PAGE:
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Revolutionary Mexican Women

Powerful Essays
Revolutionary Mexican Women

The picture of pre-revolutionary Mexican women was of a woman who had to lived her life constantly in the male shadow. These women were consumed by family life, marriage, and the Catholic Church, and lived silently behind their dominant male counterparts (Soto 31-32). In 1884 (prior to the revolution) the government passed the Mexican Civil Code. It dramatically restricted women's rights at home and at work (Bush and Mumme 351). Soto states that the code "sustains an almost incredible inequality between the conditions of husband and wife, restricts in an exaggerated and arbitrary manner those rights due the woman, and…erases and nullifies her personality" (qtd. Bush and Mumme 351).

The code was just one of the many inequalities women and other ethnic, economic, political, or religious minorities suffered under the regime of Porfirio Diaz (Bush and Mumme 351). When the Mexican Revolution of 1910-1920 arose to fight against the discrimination that Diaz incorporated into his regime, women began to find a place for themselves. It gave them the chance to control their own fate and live more public lives successfully (Soto 31-32).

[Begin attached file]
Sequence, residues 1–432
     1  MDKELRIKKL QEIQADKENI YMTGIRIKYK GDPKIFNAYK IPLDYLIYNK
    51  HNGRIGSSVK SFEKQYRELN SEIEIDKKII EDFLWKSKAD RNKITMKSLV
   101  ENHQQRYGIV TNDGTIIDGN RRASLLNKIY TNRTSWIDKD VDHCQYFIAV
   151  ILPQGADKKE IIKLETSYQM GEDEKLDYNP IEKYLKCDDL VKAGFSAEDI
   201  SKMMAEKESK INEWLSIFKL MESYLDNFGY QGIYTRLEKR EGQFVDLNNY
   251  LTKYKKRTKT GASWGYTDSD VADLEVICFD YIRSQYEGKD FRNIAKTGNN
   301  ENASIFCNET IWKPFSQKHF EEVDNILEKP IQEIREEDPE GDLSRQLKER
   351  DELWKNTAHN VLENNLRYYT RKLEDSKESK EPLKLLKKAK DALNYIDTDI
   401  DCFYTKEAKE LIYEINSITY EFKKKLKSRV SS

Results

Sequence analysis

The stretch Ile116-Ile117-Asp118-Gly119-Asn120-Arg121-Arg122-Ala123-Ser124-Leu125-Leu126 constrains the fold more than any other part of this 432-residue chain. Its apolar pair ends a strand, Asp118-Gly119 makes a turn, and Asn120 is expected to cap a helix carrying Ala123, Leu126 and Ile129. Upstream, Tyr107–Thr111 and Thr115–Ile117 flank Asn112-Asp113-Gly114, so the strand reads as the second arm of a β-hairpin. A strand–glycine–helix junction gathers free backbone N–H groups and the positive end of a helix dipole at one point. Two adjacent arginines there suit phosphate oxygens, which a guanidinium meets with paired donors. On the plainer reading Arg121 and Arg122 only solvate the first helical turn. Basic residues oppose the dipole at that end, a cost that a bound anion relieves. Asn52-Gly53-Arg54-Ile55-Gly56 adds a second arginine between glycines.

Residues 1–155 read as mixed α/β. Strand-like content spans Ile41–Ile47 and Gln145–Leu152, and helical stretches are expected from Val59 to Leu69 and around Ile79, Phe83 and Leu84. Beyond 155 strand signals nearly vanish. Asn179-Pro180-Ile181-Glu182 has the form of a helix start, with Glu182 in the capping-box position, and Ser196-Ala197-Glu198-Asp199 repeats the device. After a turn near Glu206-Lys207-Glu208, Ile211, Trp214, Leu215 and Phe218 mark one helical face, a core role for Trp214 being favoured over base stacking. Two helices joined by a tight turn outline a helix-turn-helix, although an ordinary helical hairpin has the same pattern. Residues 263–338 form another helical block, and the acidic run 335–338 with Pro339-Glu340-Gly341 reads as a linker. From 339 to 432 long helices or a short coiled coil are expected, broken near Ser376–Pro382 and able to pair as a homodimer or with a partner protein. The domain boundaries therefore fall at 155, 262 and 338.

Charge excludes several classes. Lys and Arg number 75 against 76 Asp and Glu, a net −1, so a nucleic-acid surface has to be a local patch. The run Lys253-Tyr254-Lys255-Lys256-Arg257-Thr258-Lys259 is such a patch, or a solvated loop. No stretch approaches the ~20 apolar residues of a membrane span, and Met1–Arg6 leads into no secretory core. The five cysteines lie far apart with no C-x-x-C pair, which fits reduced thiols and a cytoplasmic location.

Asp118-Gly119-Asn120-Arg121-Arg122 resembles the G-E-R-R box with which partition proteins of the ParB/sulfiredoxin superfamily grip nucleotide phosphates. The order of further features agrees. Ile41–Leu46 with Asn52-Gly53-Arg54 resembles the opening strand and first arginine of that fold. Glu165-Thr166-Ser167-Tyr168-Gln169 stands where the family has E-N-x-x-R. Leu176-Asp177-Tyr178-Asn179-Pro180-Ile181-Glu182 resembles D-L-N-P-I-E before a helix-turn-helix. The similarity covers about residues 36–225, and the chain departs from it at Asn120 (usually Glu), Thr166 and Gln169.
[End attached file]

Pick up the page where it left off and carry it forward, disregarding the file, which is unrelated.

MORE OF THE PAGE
Mexican women were essential to the revolution in a number of ways. They were involved in politics, were strong advocates for the causes they believed in, and participated in life on the battlefields. The female political figures were probably the most important and influential women in the Mexican Revolution. They were prominent political activists, thinkers, writers, figures, role models, and were fearless in their pursuit of their goals, often resulting in jail terms. Both upper and lower class women managed to get high in the ranks of politics despite the ...

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...of the female spirit. They took on core positions that were not traditional and excelled in many predominantly male-dominated roles. Mexican women were revolutionary in the way they stretched the boundaries of gender roles and reversed many stereotypes.

Sources:

Arrizon, Alicia. "Soldaderas and the Staging of the Mexican Revolution." The Drama Review. 42.1 (1998). 90-113.

Bush, Diane Mitsch and Stephen P. Muume. "Gender and the Mexican Revolution." Women and Revolution in Africa, Asia, and the

New World. Columbia: University of South Carolina, 1994. 343-365.

Macias, Anna. "Women and the Mexican Revolution 1910-1920." Americas (Acad. of Am. Franciscan Hist.) 1980. 37(1): 53-82.

Soto, Shirlene. Emergence of Modern Mexican Woman: Her Participatrion in Revolution and Struggle for Equality, 1910-1940. Denver, CO: Ardern Press, Inc., 1990. 31-66.
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